Back in 2019… before the Covid19 upheavals Banshee released the new Titan… their long legged 29r aimed at big mountain,enduro and all around Tom-foolery for the big hoops…. and I managed to get one in the first release. I did an initial review based on a few limited rides and was properly impressed with the initial ride qualities. Fast forward nearly a full year, plenty of trail riding, a few trips to our only open gravity fed, shuttle lift access park and I have a new appreciation for this Beast!
Lockdowns and travel restrictions meant riding local was the only real option for most of the season, and around here in southern Ontario that means mainly flat trails, minor elevation that is usually just short and steep and not a huge variety in terrain. However, what it does offer is tight riding, plenty of exposed roots and rocks and when it gets a little wet, depending on where you are riding (Niagara in this case), slippery surfaces. All can be really fun and challenging to ride at speed… i have a few crashed this season that prove that!
Before we go any further, here is a spoiler alert, and you can choose to read further, or take the spoiler as Titan Ride Gospel. This bike is the only bike you need in your stable of bikes….
BIKE SETUP/RIDER DETAILS
The bikes Numbers…. And how it seems to work some Greek God levels of magic!
When you look at the numbers on the Titan, in particular the chainstay length with the headangle it doesn’t seem to make sense for tight and twisty slower flat trails. Let’s just say… I was pleasantly wrong…. get into that further down.
The headangle at 64.5 in the lower setting (65 high) seems to favour the idea of the bike being pointed down, and while park riding certainly is one terrain where this bike absolutely excels, the overall layout of this bike when taken together gives you an amazing package able to transition between Flat Trails to Gravity Thrills! I will say this has to do with the combined modest reach number, the lengthened chainstay length and in my case, running it with a 50mm stem to pull you out front a little more.
Now, about the chainstay length. 452mm. Seems long doesn’t it? I spend a lot of time riding a 432mm chainstay on a few other bikes I get to keep around, but what marginal gains you get in the shorter chainstay snap I feel you loose in the all out stability and corn-a-bility (is that word???) you get with the Titan. My other go to bike from another brand has a slightly longer reach, but much shorter chainstays. It is fun to ride, don’t get me wrong, but the Titan just hauls ass with less drama.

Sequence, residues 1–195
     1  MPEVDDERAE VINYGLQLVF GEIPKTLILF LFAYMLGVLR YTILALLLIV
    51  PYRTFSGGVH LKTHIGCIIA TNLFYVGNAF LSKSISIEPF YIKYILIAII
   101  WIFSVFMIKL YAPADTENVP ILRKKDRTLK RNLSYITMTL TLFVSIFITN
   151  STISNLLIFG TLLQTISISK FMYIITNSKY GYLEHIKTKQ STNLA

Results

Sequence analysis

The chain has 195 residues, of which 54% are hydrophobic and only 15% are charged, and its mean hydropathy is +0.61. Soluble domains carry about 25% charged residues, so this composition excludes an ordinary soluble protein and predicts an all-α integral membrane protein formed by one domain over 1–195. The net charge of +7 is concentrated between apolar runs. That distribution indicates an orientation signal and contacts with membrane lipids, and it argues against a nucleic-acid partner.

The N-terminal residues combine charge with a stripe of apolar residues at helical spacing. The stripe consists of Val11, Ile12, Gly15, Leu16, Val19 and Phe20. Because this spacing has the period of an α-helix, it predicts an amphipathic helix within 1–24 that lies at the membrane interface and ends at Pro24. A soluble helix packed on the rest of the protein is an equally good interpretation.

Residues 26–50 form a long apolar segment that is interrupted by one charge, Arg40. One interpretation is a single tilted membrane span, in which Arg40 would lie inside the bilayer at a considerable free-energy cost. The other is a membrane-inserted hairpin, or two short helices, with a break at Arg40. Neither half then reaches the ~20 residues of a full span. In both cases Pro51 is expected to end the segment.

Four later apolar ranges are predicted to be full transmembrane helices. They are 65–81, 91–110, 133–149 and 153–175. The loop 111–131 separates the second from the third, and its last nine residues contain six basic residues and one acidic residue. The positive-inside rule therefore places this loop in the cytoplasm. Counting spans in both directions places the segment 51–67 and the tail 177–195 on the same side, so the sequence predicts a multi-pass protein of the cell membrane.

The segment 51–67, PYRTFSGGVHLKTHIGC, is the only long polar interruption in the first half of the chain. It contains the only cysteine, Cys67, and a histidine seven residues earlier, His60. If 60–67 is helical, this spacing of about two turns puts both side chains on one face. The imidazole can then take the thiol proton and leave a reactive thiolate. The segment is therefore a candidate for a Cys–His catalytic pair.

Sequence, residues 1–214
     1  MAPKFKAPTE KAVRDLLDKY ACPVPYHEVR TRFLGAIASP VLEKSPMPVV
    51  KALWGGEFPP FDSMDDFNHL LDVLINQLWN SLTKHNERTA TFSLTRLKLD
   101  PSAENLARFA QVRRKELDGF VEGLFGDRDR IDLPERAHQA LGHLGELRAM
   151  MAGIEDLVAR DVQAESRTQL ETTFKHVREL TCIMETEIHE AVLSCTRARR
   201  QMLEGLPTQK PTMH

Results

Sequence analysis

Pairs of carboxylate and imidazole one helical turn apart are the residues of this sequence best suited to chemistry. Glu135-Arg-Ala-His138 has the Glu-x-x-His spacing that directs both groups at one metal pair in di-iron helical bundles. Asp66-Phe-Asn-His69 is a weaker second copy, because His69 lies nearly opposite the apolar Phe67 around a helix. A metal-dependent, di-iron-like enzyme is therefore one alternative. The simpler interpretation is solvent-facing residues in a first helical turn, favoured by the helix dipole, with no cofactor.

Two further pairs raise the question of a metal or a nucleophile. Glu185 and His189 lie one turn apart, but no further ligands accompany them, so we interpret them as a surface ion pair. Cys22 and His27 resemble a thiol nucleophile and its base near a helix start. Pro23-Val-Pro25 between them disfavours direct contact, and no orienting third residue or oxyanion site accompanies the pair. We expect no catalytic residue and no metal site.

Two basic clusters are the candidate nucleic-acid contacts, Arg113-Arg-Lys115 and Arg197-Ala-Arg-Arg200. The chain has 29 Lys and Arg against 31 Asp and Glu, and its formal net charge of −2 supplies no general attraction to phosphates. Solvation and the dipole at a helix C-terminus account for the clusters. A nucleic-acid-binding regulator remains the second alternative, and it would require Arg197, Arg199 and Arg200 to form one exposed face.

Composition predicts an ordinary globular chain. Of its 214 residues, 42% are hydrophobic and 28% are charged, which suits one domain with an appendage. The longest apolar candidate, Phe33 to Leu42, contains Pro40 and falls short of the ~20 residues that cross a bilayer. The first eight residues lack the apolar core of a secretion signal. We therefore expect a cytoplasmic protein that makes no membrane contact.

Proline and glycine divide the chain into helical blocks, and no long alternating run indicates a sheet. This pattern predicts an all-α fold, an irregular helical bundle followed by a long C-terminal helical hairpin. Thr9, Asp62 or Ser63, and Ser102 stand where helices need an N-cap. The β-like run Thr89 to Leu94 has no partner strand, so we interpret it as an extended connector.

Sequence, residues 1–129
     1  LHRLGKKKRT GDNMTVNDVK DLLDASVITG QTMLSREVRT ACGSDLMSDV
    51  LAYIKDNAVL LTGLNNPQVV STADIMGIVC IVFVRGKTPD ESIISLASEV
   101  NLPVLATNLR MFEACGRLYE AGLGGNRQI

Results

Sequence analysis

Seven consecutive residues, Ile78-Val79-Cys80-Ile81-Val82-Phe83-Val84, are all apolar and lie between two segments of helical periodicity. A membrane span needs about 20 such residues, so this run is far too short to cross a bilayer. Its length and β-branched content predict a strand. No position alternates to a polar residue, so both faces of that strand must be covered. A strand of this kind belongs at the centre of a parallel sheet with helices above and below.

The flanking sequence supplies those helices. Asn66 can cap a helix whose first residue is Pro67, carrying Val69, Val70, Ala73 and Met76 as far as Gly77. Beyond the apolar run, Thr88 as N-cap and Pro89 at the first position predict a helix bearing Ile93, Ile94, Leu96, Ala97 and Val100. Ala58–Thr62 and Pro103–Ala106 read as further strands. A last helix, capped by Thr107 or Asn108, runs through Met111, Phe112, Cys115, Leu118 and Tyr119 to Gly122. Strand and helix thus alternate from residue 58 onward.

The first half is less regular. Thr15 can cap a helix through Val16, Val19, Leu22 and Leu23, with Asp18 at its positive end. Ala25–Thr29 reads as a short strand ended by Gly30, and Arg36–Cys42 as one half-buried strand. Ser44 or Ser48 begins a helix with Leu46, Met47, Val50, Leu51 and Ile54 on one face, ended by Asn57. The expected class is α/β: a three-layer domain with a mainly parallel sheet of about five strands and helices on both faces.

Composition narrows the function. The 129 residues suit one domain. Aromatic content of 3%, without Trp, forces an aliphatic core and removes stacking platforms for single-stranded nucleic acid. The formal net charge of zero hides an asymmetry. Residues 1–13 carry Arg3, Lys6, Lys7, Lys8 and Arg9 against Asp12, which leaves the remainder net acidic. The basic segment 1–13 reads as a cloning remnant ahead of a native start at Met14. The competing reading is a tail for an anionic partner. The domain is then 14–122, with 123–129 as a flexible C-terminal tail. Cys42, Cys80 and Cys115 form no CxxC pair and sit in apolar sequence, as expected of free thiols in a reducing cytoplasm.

I think the three things on this bike, Chainstay length, Reach and Headangle have been well balanced to blend together a bike that is both nimble when you want it to be, and stable when you push it.. a bit of Bruce lee with a heavy helping of Rambo thrown together!
Tight Trails to Gravity Thrills!
As mentioned before, because of the local covid restrictions I was forced to spend a lot of time on the bike riding local, more XC type trails. But, this worked to the bikes favour because I spent a lot of time trying different tires, wheels and travel options. Done in an effort to to get the most out of fun days riding up and down, to long days pedaling around with the XC crowd on their 2.25 29rs. What I discovered is that with a few changes the Titan becomes extremely versatile and actually had me riding faster over long pedal sections compared my previous lighter weight, lower travel, skinner tire’d bikes of the past!
First things first, I have to get this out of the way. I never insulted this bike by slapping on anything less than a 2.35 tire on it, nor did I ever count grams when changing things. Weight was never a consideration, ride stability and fun were the only deciding factors when swapping things up. With that out of the way, forgetting about weight and putting more consideration on ride stability, ability and the “FUN” factor when swapping things out you may find you ride faster, longer and have a lot more fun than counting grams will ever give you.
I first noticed this on a long 4min flat and twisty section of local trail. Riding Wild Enduros front and rear on the Titan consistently resulted in me riding faster than any bike previous. 100% this was due to how much more entry and exit speed the bike and the tires produced. I replicated similar results on a different bike with the same tires, however felt a little bit more at the limit of traction. This likely due to the more balanced front to rear layout on the Titan.